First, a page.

April 2, 2020 -- ETC Group welcomes the Swedish Space Corporation (SSC)’s decision to stop the solar geoengineering balloon test flight for the Stratospheric Controlled Perturbation Experiment (SCoPEx) in response to strong opposition from the Saami Council, swedish civil society and researchers.
Speaking about the SCoPEx research Åsa Larsson-Blind, the Saami Council’s Swedish vice-president explains “Solar geoengineering violates the worldview of the Saami people, and goes against the urgent action we need to transform to zero-carbon societies that are in harmony with nature. We welcome SSC’s decision to stop the balloon flight planned for Saami lands in Kiruna, but the existential risks of this geoengineering technology disqualify it from ever being advanced – whether here or elsewhere. The false argument that this treacherous technology could be a ‘Plan B’ is deeply dangerous. There is no safe or responsible way to deploy solar geoengineering technologies. There would be inherently dangerous and unpredictable knock-on effects with likely extremely dangerous consequences for people and ecosystems around the world.”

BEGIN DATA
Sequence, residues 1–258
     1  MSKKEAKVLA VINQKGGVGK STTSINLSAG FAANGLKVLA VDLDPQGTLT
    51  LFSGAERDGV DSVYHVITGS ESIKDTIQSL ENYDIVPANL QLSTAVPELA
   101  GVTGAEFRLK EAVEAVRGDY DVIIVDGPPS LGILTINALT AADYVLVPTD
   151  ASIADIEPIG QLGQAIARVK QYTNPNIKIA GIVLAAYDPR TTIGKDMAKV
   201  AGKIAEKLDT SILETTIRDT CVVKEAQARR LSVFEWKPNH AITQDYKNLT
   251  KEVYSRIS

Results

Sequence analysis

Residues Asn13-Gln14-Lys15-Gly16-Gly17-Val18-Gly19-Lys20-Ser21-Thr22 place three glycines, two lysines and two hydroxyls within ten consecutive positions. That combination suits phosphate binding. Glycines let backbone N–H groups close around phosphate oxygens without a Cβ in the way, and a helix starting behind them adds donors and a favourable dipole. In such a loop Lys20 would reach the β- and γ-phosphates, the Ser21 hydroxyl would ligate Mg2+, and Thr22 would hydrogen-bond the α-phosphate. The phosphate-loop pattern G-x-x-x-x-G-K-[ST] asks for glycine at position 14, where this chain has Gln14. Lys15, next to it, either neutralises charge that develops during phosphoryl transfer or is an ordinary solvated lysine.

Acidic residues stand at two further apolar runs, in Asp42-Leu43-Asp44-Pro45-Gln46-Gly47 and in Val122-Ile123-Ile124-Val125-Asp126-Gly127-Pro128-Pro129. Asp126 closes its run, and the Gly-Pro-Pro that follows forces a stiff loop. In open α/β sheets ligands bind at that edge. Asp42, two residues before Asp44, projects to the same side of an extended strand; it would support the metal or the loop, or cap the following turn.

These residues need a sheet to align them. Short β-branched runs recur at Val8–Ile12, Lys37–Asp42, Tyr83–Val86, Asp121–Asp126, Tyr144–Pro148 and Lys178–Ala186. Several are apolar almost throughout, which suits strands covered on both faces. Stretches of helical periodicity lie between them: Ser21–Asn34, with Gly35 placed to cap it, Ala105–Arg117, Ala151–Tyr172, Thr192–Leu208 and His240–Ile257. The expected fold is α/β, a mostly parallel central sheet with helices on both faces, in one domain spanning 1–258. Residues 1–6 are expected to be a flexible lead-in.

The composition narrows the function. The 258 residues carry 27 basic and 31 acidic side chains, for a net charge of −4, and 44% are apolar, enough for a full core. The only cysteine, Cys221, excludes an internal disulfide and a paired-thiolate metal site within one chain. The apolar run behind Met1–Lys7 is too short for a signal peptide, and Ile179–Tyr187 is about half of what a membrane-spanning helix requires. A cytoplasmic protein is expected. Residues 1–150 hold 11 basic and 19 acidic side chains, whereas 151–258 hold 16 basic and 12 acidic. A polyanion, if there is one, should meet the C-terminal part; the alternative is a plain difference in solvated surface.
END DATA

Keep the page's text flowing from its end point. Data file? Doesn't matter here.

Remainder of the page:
Tom BK Goldtooth, Executive Director, Indigenous Environmental Network and ETC Board member further comments that “as an international Indigenous organization, we support the decision by the Swedish Space Corporation to suspend all equipment test flights of this proposed SCoPEx project in Sweden. As we reached out to our Saami Indigenous friends in Sweden, they said that they were not informed by the Space corporation, the government of Sweden or anyone else on this solar geoengineering experiment that would blanket the stratosphere with particles that could have negative effect on not only the reindeer culture of the Saami peoples, but the whole world.
This technology is not a solution for mitigating climate change. It has too many risks that will violate the rights of the Saami Indigenous peoples and the delicate balance of the natural laws of Mother Earth and Father Sky.” he added.
Modelling shows that deployment of solar geoengineering could cause droughts in Africa and Asia, disrupt the monsoon and endanger the source of food and water for two billion people.
“This is at least the third time that SCOPEX has been halted on Indigenous territory. First in New Mexico, then Arizona and now Sweden. Other geoengineering schemes on Indigenous homelands in the Arctic and around the Pacific Rim have also met clear opposition,” explains Jim Thomas, Research Director at ETC Group.
“Each time geoengineers promise to ‘consult’ better, deliberately missing the point that consultation does not equal consent. When communities and Indigenous people say no to planet-altering schemes being launched from their territories it is disrespectful to mishear that as 'needing more consultation'. No means no. Hands Off Mother Earth,” added Thomas.
The climate crisis is grave, but there is no justification to pursue further research into unsafe technologies that would disrupt the climate in ways that could be as dangerous or worse than the effects of climate change.